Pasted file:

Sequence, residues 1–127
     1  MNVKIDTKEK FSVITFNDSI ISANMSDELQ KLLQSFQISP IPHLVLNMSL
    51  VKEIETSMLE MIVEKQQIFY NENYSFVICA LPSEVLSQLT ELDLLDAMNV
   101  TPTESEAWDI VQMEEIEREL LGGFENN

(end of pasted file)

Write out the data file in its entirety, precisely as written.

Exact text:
Sequence, residues 1–127
     1  MNVKIDTKEK FSVITFNDSI ISANMSDELQ KLLQSFQISP IPHLVLNMSL
    51  VKEIETSMLE MIVEKQQIFY NENYSFVICA LPSEVLSQLT ELDLLDAMNV
   101  TPTESEAWDI VQMEEIEREL LGGFENN